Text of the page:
Center City (Landmark & Newman Lofts)



  • edited February 2019

    The views are something they sell, definitely. This has always been on their website:

  • The Newman Lofts twitter account has a picture of them putting up the walls on the 10th and last floor. I'm fascinated by this construction:

  • I find it interesting also. Skyview is the first building I've seen built that way, now it seems everything is going to be built like that.

  • What's so fascinating about this construction? I don't get it. I'm also not seeing it live..... What is unusual about this? Is anyone on here a construction manager?

  • It looks like they place a metal frame and fill it with cement to form the walls??

  • edited February 2019

    @MJ This type of construction is new to me. It is prefab wall and floor panels, the wall panels are essentially just heavy duty steel studs that act as the structural support. I've not seen what they do up close but I assume the panels are bolted together and the floors get concrete poured over them. These buildings are basically just really big stick built buildings with steel studs instead of wood, there's no big steel beams or concrete supports.

    @gbdinlansing There's no concrete, the metal frame is the structural support for the building.

  • As I've mentioned before, I work in the architecture and engineering field, and I can say that type of construction is not common, at least not in the Midwest. I recall a structural engineer going on about what an idiotic idea it is to use metal stud walls for structure. It's been done before but not that common.

    Just to clarify, I can't tell from the photo, is there really no steel or concrete structure on the interior? Are there load bearing metal stud walls on the interior or is it just entirely open? I'm just curious myself on this.

  • @Lymon89 Can you expand on why it's a bad idea? Is it a waste of money? Not as structurally sound? Something else?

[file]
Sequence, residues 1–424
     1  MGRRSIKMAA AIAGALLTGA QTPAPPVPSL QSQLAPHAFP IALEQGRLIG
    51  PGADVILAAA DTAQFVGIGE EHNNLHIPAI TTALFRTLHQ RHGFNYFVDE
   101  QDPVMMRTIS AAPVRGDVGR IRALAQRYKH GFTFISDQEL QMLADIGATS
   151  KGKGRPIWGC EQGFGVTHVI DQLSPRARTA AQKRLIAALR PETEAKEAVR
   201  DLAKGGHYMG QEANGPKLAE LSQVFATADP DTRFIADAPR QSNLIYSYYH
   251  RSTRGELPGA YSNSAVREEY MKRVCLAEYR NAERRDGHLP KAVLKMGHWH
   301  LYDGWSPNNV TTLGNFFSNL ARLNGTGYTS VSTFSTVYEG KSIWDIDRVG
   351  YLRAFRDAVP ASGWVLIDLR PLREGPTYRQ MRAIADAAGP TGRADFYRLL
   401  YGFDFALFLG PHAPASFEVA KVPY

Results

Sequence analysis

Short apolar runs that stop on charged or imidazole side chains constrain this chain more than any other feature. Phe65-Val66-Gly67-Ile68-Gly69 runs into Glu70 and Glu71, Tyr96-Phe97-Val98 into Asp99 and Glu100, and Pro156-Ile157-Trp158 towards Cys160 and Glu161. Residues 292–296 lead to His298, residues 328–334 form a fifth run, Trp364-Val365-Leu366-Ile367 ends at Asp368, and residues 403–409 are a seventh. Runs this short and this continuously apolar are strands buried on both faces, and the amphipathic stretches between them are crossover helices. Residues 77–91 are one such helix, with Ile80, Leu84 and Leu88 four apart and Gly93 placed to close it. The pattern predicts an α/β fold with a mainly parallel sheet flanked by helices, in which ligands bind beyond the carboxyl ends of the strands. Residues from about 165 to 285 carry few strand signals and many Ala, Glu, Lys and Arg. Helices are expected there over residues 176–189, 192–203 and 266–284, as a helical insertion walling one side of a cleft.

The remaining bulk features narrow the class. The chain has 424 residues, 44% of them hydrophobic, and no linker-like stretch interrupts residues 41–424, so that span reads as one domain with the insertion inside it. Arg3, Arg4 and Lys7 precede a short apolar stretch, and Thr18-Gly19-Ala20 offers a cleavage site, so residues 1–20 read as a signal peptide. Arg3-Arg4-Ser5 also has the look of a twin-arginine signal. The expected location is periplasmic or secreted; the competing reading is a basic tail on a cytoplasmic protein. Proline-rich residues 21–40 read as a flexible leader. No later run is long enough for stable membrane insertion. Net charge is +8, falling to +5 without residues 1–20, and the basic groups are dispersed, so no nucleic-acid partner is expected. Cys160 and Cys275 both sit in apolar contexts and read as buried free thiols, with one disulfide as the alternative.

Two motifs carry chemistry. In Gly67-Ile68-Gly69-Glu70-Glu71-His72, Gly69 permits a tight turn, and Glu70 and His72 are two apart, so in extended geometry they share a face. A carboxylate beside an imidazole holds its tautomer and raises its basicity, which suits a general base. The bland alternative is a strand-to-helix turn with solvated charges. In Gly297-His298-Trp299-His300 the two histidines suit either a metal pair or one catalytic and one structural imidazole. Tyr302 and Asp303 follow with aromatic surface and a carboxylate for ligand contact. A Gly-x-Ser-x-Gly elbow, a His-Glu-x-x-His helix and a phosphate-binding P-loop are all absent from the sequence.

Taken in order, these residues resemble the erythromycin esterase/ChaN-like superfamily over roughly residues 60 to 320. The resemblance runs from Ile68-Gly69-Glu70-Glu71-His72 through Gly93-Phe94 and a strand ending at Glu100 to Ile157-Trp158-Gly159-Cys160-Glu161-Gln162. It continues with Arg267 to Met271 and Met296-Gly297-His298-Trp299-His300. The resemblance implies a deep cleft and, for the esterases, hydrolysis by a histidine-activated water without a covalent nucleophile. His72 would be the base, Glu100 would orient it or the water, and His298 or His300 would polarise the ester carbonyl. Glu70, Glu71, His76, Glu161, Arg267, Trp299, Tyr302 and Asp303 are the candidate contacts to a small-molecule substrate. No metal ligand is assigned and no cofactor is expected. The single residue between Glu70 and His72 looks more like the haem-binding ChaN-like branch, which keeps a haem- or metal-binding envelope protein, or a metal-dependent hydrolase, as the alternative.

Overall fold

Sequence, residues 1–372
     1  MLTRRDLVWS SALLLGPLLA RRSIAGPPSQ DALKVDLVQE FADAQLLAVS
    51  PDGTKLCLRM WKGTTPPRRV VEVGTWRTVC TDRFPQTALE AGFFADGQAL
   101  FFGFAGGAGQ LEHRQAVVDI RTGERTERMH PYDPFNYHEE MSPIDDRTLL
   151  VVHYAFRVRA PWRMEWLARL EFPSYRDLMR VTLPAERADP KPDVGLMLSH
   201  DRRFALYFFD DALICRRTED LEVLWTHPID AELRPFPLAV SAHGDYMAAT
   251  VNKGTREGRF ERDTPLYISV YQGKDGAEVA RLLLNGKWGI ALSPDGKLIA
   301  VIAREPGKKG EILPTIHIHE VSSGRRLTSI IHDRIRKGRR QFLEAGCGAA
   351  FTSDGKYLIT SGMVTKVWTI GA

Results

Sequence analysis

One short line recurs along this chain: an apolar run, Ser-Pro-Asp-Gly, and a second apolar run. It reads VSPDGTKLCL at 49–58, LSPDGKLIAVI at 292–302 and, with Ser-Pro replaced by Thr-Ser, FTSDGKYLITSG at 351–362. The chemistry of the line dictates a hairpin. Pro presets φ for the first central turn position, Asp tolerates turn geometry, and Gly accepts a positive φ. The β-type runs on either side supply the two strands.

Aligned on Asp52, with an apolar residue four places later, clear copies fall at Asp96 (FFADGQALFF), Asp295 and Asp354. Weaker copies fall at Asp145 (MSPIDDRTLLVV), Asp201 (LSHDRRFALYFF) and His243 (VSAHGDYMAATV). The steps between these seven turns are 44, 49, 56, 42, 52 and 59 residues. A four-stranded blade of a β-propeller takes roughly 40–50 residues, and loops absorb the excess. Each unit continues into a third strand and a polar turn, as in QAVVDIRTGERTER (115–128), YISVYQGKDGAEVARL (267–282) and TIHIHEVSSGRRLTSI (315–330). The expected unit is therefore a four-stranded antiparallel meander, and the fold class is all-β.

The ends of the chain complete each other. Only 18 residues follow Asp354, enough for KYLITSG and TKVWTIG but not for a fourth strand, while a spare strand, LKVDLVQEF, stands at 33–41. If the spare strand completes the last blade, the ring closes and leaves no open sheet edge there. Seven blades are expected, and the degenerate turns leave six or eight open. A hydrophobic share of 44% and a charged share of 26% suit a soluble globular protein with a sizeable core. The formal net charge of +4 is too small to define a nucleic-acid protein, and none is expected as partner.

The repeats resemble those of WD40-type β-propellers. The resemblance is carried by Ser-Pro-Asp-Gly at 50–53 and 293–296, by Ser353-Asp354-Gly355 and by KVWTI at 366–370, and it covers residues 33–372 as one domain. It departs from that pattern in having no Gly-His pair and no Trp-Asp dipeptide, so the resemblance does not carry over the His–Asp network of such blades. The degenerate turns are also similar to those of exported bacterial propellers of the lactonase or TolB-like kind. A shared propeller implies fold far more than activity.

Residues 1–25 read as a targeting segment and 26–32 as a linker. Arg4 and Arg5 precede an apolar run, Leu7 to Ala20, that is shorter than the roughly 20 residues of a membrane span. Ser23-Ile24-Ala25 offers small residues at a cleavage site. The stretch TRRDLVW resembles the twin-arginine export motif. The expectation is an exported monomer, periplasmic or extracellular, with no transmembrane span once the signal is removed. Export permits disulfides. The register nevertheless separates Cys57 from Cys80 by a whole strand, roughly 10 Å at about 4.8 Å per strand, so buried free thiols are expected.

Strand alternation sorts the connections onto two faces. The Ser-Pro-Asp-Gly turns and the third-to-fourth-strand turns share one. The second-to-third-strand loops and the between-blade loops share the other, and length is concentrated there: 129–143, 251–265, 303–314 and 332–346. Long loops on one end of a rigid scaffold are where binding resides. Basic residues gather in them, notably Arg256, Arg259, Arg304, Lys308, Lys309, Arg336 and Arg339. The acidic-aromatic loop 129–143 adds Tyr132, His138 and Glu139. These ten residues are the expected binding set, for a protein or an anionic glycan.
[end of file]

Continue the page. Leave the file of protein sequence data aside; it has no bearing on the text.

• I personally haven't worked on a project that has done load bearing metal stud walls. The structural engineer I knew was mostly concerned about interior, load bearing metal stud walls since it's not such a common method. He was concerned that in the future, when a building is renovated a contractor would see a metal stud wall and simply assume it's not load bearing and potentially remove them as necessary for the new design. Of course, that's all speculation; in theory that situation should never happen.

    I don't have anything against this method as I don't have much experience personally with it. I was just sharing what little I did know.

  • @Lymon89 Just FYI, I'm not in the field nor have I been on site of one of these projects under construction but I have watched them closely and I've seen the up close pictures. I'm pretty much positive there is no heavy steel or concrete structure involved besides the first floor or two and the elevator shafts/stairwells. These things are literally supported the same way the 4-5 floor wood, stick-built buildings are supported, by the honeycomb of interior walls distributing the weight, sometimes built on top of a floor or two (or more) of heavier structure. The main difference being these seem to be prefab wall panels that are trucked in and fastened in place like Legos. I've been curious to see how heavy the gauge is on the steel studs, I'd imagine they have to be a lot heavier than the typical office ones.

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